When was the last time you helped a stranger? Turning to the psychology of stranger interactions, we investigate helping behavior and the dynamics of empathy, self-interest, and self-presentation that drive altruistic acts. The basic (admittedly gigantic) question is: what produces human empathy, and why do we help each other in some situations but not in others? To tackle this, I start with child development studies that illuminate when empathy develops and on what capacities it depends. Much of this work depends on contrasting the outcomes of experiments with autistic children and neuro-typical children. Then, on helping behavior itself, which started to get a lot of attention from sociologists and psychologists in the wake of Kitty Genovese's murder in 1964. They tried to understand the conditions under which people choose to help or not to help a person in need. The concept of the "bystander effect" emerged from these studies, which holds that the more people you think may be available to help someone, the less likely you are to help. [Ed. note: This will soon be named the CC effect.]
Week 10 & 11: Social Perception
Humans have evolved elaborate mechanisms for fooling each other--and for trying not to get fooled. Erving Goffman's sociological approach to how strangers 'read' each other (Week 5) has an analog in the psychology of social perception. We end the semester looking at how psychologists study the ways people perceive and make social judgments of each other, how those perceptions can be manipulated, and what we can control and not control about how we're perceived by people we don't know.
We consider two approaches. First, the work of cognitive scientists who study the idea that perception, emotion, and attitudes are processes of the body moving through space (rather than simply neural signals in the brain). Second is the work of Paul Eckman, pioneer in the study of 'microexpressions,' whose theories got a big publicity boost from the TV show Lie To Me. Eckman invented the Facial Action Coding System (FACS), which breaks down all possible single facial movements and the combinations in which humans use them to form meaningful expressions. Based on this system and special training in detecting fleeting (often imperceptible without slow-mo) expressions, Eckman claims to be able to read a great deal of personal psychology, and most significantly, to catch liars.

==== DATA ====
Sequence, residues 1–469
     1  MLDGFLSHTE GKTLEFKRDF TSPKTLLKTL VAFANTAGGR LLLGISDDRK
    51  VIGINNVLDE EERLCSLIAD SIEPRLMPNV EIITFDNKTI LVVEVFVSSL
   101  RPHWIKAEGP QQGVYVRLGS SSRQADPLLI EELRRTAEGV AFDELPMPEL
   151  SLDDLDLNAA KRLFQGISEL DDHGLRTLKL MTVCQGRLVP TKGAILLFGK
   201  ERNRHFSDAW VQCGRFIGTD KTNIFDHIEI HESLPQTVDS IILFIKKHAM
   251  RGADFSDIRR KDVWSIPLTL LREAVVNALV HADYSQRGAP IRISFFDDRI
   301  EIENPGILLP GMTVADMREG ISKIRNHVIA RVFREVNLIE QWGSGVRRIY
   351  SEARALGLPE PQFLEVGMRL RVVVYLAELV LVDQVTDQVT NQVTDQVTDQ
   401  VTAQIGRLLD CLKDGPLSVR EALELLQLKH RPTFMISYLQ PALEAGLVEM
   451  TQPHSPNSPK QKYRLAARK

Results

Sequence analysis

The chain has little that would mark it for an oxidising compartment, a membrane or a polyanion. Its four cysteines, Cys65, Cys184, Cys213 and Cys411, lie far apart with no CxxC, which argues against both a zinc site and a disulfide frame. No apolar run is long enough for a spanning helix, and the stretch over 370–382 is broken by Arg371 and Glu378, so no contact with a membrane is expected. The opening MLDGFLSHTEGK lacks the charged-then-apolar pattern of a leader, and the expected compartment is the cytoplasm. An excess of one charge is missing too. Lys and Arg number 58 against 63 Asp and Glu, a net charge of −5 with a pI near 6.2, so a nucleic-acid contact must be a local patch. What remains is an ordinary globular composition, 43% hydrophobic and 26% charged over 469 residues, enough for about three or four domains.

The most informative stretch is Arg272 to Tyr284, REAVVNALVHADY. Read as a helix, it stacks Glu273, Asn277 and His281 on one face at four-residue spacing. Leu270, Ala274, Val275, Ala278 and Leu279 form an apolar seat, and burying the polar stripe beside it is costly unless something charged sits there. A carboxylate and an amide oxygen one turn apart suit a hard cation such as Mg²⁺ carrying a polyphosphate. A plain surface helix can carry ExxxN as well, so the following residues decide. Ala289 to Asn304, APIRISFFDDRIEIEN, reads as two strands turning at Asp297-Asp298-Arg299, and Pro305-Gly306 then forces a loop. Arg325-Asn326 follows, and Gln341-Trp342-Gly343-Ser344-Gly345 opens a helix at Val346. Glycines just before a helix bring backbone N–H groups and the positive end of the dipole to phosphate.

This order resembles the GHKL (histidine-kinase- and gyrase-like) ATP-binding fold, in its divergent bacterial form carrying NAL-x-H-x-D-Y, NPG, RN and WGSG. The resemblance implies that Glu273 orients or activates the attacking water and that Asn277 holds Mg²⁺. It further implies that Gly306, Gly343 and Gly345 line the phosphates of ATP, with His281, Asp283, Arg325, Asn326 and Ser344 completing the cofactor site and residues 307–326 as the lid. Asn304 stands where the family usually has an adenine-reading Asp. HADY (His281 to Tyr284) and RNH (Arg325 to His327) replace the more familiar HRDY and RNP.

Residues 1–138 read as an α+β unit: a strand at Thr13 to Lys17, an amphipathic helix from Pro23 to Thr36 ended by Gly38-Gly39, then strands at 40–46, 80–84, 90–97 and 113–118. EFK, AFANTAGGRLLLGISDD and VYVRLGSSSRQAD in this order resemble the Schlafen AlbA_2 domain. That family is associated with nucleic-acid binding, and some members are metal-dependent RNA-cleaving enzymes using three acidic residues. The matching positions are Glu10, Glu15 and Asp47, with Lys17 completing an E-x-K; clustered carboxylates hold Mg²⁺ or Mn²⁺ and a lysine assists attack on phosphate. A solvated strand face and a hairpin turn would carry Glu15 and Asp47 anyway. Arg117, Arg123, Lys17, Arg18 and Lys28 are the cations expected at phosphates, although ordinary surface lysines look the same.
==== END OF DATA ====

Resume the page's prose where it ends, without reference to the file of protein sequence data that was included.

Malcolm Gadwell's profile of Eckman gives you the basics, and much of Eckman's work--though not the FACS itself--is available online. Finally, to investigate the contexts in which strangers lie to each other, to what end, and how they pull it off, we read David Maurer's wonderful study, The Big Con. Maurer was a linguist who studied criminal argots, and in the process, was able to make a thorough study of the forms and techniques of long cons as reported by the con men themselves.
Although I do not recommend it, by the end of the semester my students could likely launch successful careers as grifters.
2. Library of Congress. Crowd around a race car.
3. Library of Congress. A dance.